Two privacy groups asked the Federal Communications Commission this week to reject
a proposal that would give the Justice Department sweeping new powers to eavesdrop
on cell phone calls and Internet usage by airline passengers.
The Justice and the Homeland Security departments submitted several proposals
to the FCC in May and July seeking authority to monitor the electronic communications
of airline passengers. The proposals would allow Justice to record all electronic
activity without a court order, identify any user by seat number, and automatically
interrupt or shut down any communication.
In a petition filed Wednesday, the Center for Democracy and Technology and the
Electronic Frontier Foundation argue that the FCC does not have jurisdiction
to address the full range of constitutional, privacy and civil liberties concerns
that are raised by the proposal. The groups also say the proposal would place
undefined burdens on industry to comply.
CDT and EFF say that any action by the commission would violate the Constitution
as well as the Administrative Procedures Act and the Communications Assistance
for Law Enforcement Act. The groups claim that Justice is trying to do an end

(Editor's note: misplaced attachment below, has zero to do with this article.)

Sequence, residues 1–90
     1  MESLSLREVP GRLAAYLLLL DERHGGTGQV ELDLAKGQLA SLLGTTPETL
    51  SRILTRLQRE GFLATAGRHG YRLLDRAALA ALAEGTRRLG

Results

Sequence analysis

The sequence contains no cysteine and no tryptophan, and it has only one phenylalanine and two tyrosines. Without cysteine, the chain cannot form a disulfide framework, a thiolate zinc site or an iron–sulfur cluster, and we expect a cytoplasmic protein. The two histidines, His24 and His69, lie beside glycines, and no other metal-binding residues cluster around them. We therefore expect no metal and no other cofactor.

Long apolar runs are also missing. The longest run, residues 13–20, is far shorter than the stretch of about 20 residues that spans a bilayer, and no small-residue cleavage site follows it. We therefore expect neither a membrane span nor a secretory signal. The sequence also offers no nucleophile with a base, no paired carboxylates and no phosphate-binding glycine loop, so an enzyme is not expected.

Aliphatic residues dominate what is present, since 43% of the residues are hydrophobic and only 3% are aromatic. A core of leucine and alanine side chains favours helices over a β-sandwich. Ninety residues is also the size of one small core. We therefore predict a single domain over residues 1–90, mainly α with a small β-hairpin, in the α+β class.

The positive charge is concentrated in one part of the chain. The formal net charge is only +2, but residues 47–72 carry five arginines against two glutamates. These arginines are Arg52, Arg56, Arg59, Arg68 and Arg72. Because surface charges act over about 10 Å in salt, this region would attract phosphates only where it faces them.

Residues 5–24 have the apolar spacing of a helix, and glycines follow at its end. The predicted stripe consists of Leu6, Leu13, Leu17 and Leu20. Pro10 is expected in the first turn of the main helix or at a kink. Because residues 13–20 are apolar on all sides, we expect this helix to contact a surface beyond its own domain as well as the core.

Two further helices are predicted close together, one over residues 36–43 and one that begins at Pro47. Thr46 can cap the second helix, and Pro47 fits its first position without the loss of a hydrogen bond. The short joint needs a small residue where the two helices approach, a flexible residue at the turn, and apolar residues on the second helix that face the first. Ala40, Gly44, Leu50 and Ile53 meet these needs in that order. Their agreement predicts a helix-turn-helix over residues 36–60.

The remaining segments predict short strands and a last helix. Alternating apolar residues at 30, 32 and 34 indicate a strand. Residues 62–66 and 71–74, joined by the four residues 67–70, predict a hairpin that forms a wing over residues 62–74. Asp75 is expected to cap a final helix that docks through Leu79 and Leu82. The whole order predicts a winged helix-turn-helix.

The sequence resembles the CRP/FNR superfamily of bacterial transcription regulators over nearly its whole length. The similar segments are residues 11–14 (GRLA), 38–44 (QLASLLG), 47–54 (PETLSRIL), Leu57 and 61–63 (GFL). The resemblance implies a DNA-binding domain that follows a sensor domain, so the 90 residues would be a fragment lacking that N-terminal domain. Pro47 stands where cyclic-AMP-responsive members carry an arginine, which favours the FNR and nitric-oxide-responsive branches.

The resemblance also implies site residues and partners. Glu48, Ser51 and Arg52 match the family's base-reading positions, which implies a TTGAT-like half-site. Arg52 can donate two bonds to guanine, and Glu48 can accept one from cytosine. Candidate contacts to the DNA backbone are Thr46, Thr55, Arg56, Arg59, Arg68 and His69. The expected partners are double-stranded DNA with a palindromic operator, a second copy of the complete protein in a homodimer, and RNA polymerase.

run around Congress and get the FCC to give it new authorities without proper
The Justice Department did not return a telephone call seeking comment Thursday.
"The commission should decline DoJ's requests, and should instead defer
to Congress, which is the only body that can in the first instance consider
the constitutional and policy problems raised by such unprecedented proposals,"
the groups wrote.
"We do not dispute the fact that law enforcement is able, under existing
laws and without any action by the commission, to obtain a court order that
permits the interception of the electronic communications of people in airplanes,"
the groups added. "Instead, the critical issues are whether the commission
has any statutory authority whatsoever to impose anticipatory, full-time and
warrantless interception of information about all communications of all airline
passengers--a proposal seemingly drawn directly from George Orwell's 1984--and
whether law enforcement should be given extraordinarily invasive design control
over air-to-ground communications."